Newspapers speak up about Trump’s repeated attacks

Newspapers speak up about Trump’s repeated attacks


JUDY WOODRUFF:  Another frequent target of
the president’s attacks is the news media. Today, more than 300 newspaper editorial boards
took the extraordinary step of publishing a coordinated message: a free press is central
to our democracy and journalists are not the enemy of the state. It was sparked by a call out from the “Boston
Globe.” Papers big and small across the country responded,
including “The Florida Times Union” in Jacksonville. They were one of just two large- circulation
daily papers to endorse then-candidate Trump in 2016. And editorial page editor Mike Clark joins
me now. Mike Clark, welcome to the NewsHour. Why did you write this editorial today? MIKE CLARK, EDITORIAL PAGE EDITOR, FLORIDA
TIMES UNION:  Well, we felt it’s time for a truce between the president and the news
media. This war of words is not doing anybody any
good. JUDY WOODRUFF:  You write that there’s blame
on both sides. Explain that. MIKE CLARK:  Well, President Trump has taken
his attacks on the media to a new low, no doubt about it. But a lot of the media has fallen into his
trap and taken this on as a war. And that doesn’t help the general public when
they’re trying to determine what’s right and what’s wrong about the media. If we just go to our ideological corners,
people don’t know what to believe. JUDY WOODRUFF:  Let’s talk first for just
a moment, what is it about what the president has said that you think has inflamed this,
if you will? MIKE CLARK:  Well, the way he attacks the
reporters on his public appearances, it actually is kind of scary. And I’m afraid that it’s going to lead to
violence against the people who are actually covering him. Now then this phrase “the enemy of the people”
is something that, you know, is losing all context, you know? It’s like we’re illegal immigrants. I know there’s a few good ones out there. I mean, so his attacks are hurting all of
us. JUDY WOODRUFF:  I’m reminded of your comment,
CBS correspondent Lesley Stahl had. She said when she interviewed then-President-elect
Donald Trump right after he was elected, she said — she asked him why he was so critical
of the media. He said, you know why I do it. I do it to discredit you and demean you all
so when you write negative stories about me, no one will believe you. MIKE CLARK:  Now, he’s not the first one
to do that. Charlie Sykes in his book talked about how
the conservative media has managed to smear the entire news media universe so that a lot
of conservatives don’t believe anything they hear out of the news media. So, what’s the general public supposed to
think when they see something? That’s rally dangerous to our democracy when
the information universe has been poisoned. JUDY WOODRUFF:  What do you think needs to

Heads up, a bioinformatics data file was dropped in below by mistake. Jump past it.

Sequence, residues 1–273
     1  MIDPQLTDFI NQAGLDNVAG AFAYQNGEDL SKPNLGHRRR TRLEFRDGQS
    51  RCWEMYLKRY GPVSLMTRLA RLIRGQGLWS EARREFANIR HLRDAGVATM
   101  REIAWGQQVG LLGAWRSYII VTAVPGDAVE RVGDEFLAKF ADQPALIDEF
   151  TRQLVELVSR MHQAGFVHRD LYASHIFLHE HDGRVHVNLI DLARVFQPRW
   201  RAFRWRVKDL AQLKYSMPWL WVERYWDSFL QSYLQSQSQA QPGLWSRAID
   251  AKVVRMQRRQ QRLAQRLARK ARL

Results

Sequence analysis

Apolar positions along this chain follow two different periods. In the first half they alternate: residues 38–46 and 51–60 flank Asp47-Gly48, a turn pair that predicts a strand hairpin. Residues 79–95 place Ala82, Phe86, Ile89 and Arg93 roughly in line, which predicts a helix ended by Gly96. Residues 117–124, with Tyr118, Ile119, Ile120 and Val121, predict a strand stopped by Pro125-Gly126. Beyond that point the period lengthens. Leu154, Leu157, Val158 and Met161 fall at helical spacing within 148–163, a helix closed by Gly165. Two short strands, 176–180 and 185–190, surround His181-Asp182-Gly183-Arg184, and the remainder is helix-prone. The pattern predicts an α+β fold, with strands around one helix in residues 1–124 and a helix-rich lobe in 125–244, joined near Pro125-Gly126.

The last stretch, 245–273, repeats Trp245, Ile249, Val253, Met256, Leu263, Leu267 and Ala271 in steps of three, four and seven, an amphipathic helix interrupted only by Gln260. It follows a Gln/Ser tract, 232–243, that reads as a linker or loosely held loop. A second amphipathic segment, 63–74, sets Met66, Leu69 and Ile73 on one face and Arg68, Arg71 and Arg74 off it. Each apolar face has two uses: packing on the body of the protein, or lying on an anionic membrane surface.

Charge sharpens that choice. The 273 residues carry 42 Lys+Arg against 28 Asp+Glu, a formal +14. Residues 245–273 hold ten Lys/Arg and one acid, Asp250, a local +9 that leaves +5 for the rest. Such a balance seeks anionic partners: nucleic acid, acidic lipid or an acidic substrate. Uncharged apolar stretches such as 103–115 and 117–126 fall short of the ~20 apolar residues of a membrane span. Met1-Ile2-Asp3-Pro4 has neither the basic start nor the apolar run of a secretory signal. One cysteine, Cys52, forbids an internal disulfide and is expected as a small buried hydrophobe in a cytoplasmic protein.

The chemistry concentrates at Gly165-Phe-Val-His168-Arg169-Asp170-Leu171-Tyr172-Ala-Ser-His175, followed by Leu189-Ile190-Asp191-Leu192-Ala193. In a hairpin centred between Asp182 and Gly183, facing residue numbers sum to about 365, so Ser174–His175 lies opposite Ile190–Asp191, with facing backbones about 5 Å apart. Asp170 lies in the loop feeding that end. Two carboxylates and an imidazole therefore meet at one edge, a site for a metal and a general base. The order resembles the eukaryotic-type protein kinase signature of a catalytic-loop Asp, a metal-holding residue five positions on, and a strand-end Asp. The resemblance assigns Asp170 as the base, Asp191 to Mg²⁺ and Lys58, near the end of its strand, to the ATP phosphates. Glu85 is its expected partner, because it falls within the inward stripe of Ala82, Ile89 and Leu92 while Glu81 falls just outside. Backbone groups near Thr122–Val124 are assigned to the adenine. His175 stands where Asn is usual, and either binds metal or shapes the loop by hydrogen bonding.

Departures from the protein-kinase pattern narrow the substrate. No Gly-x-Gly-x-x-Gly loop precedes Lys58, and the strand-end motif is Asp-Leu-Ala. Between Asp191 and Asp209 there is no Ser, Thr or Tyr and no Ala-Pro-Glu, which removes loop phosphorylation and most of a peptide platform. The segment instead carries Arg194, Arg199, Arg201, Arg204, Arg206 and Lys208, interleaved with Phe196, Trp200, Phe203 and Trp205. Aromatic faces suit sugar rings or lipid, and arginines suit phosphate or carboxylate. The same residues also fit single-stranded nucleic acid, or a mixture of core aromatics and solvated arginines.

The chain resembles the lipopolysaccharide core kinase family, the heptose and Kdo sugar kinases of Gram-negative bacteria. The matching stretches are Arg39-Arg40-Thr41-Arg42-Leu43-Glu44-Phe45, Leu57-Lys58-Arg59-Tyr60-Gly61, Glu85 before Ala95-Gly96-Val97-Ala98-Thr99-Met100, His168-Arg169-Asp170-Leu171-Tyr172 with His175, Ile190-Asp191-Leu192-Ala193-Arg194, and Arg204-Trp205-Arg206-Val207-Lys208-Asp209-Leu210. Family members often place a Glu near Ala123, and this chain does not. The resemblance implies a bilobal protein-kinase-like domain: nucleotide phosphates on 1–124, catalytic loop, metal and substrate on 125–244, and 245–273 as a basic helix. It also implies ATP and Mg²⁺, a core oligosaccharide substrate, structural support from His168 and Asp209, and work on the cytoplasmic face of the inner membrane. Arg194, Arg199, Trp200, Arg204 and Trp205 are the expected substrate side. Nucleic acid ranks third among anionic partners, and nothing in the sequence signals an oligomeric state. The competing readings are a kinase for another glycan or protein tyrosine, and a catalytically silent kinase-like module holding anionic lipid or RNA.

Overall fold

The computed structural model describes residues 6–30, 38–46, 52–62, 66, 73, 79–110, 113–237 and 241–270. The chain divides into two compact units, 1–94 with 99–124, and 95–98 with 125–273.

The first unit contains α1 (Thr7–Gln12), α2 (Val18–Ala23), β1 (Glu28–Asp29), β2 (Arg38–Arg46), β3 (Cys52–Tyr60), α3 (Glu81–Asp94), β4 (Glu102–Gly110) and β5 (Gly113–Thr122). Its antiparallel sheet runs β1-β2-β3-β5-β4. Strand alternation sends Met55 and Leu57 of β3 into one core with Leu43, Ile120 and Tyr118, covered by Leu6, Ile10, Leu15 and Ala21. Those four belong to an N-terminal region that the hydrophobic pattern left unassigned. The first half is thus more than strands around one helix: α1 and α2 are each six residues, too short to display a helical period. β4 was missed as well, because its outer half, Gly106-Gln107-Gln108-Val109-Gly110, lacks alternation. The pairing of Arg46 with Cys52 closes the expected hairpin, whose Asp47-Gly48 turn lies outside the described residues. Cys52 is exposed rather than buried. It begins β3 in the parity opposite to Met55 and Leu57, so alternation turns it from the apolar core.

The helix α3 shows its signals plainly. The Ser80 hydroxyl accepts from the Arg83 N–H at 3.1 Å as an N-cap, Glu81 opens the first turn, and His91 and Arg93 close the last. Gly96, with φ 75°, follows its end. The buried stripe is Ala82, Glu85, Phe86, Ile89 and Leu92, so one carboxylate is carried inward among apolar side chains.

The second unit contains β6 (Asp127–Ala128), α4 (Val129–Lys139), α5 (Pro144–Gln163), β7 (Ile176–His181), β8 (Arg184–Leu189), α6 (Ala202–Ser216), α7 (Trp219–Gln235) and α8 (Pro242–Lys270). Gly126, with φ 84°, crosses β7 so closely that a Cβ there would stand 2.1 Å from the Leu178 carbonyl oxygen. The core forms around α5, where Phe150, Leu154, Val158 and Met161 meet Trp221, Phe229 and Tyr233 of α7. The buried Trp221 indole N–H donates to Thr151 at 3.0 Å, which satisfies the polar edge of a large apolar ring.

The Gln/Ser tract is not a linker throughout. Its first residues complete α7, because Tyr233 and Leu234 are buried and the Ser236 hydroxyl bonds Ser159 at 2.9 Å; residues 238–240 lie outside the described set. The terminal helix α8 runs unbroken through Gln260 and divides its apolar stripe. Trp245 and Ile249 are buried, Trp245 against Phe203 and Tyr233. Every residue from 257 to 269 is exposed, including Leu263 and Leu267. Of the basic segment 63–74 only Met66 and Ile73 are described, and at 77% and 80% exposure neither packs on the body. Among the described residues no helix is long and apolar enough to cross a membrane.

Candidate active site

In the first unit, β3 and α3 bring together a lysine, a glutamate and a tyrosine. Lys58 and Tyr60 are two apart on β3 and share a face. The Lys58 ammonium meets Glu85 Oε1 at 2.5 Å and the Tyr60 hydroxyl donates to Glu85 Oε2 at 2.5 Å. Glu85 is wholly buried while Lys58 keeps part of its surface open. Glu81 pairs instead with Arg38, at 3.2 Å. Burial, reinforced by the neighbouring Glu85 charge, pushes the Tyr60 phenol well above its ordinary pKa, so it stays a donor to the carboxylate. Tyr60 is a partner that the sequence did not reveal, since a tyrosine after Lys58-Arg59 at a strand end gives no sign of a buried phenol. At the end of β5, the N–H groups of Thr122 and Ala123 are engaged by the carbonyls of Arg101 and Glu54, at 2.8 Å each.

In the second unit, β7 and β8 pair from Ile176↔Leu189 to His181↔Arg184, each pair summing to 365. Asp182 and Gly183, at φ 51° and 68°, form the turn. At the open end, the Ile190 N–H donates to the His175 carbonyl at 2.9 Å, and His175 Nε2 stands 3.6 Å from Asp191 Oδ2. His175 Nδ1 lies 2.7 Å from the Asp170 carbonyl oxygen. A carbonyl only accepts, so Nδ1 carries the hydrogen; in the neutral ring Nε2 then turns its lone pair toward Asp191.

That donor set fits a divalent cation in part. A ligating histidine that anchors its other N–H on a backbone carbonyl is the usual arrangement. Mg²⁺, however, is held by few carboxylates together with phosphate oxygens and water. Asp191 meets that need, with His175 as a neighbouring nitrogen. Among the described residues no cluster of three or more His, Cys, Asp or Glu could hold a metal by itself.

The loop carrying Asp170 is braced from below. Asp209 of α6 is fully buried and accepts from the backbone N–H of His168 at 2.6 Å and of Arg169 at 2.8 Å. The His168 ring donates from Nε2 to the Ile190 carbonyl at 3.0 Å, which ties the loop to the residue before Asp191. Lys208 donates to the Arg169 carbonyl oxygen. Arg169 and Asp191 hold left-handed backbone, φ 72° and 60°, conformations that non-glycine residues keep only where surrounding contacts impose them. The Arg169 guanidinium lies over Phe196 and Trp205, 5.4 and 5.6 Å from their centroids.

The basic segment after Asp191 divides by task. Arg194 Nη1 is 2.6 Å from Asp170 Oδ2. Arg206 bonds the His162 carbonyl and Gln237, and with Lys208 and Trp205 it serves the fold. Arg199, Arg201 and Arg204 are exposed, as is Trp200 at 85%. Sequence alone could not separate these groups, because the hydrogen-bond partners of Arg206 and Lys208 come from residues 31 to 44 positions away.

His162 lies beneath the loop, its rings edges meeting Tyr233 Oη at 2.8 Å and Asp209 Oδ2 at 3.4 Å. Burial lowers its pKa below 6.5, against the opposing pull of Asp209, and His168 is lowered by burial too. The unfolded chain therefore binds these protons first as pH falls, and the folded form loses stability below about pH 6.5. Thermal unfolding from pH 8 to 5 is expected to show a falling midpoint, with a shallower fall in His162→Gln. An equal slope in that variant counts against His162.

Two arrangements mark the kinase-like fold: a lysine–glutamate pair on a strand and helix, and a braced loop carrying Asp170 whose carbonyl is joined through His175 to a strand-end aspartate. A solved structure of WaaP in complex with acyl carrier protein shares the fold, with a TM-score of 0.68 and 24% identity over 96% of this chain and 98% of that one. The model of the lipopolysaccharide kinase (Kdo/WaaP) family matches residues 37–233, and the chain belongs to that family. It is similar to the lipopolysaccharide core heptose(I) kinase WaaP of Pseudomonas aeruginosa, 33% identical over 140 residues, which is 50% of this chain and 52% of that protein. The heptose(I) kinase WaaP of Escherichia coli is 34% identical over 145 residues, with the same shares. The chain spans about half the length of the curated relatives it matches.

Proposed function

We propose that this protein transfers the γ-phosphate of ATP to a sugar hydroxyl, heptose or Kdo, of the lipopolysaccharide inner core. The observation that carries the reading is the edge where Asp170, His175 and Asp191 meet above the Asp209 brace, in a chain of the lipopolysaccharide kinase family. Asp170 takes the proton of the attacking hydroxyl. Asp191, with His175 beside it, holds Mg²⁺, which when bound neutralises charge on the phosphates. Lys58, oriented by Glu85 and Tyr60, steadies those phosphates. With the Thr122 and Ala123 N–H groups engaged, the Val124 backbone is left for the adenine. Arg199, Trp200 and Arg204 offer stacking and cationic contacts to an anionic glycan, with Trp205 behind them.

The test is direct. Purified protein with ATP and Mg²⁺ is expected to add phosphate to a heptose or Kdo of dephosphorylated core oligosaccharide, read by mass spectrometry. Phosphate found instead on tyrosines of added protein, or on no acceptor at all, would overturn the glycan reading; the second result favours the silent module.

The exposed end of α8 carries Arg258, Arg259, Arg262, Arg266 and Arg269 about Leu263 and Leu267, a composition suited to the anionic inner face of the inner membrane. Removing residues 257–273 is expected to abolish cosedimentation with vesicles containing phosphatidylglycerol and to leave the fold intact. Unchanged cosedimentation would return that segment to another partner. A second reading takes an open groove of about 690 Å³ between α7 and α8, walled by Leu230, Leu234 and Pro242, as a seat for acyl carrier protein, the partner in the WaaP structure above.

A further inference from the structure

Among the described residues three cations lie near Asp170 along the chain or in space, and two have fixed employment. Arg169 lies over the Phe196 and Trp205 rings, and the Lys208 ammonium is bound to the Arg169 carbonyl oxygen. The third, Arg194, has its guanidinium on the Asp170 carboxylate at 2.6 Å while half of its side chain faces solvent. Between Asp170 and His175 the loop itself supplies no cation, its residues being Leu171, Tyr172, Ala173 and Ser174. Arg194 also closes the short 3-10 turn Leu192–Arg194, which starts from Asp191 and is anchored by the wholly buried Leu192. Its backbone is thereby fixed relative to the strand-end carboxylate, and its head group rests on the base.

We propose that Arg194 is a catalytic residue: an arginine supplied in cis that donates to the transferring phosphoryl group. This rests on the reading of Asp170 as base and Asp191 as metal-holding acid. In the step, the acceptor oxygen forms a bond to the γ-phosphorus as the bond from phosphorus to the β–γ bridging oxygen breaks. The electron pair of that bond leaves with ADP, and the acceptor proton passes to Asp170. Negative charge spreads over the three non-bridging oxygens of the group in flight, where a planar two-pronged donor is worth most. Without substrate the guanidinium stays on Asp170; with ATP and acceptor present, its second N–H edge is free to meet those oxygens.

be done? You say in this editorial today that there’s
work to be done now on both sides. MIKE CLARK:  Well, I used to be a newspaper
ombudsman for 15 years. And I think the major media outlets that have
some revenue need to reappoint ombudsmen to take — do a little soul-searching to look
at how they’re doing. I think — you know, The Shorenstein Center
in Harvard said the first 100 days of the Trump administration set a new standard for
unfavorable press coverage of a president. So, the news media needs to do some soul-searching
on their side. At the same time, the president needs to lower
the rhetoric. Maybe we can find somebody to do some mediation
between the two. JUDY WOODRUFF:  Why does this matter so much? Why do you think it’s important that we address
this right now, Mike Clark? MIKE CLARK:  The Founding Fathers said this
a republic depends on an information source that allows the people to know who they’re
electing and how they can trust their information. And if the information source itself is tainted,
then the whole republic is at risk. JUDY WOODRUFF:  And the trust on the part
of the public of the news media? How important is that? MIKE CLARK:  Well, we’re hearing now from
people from both sides of the spectrum that are going to their respective corners, they’re
only trusting their particular favorite media. And that’s not going to work when we have
some big issues that require all of us to work together. We need to have some common ground on information,
and right now, we’re not even agreeing on basic facts anymore. JUDY WOODRUFF:  Well, it is — it is a fraught
time, no question. Today, a remarkable thing to see so many newspapers
around the country, including yours, editorializing about it. Mike Clark, with “The Florida Times Union,”
thank you very much. MIKE CLARK:  Thanks, Judy.

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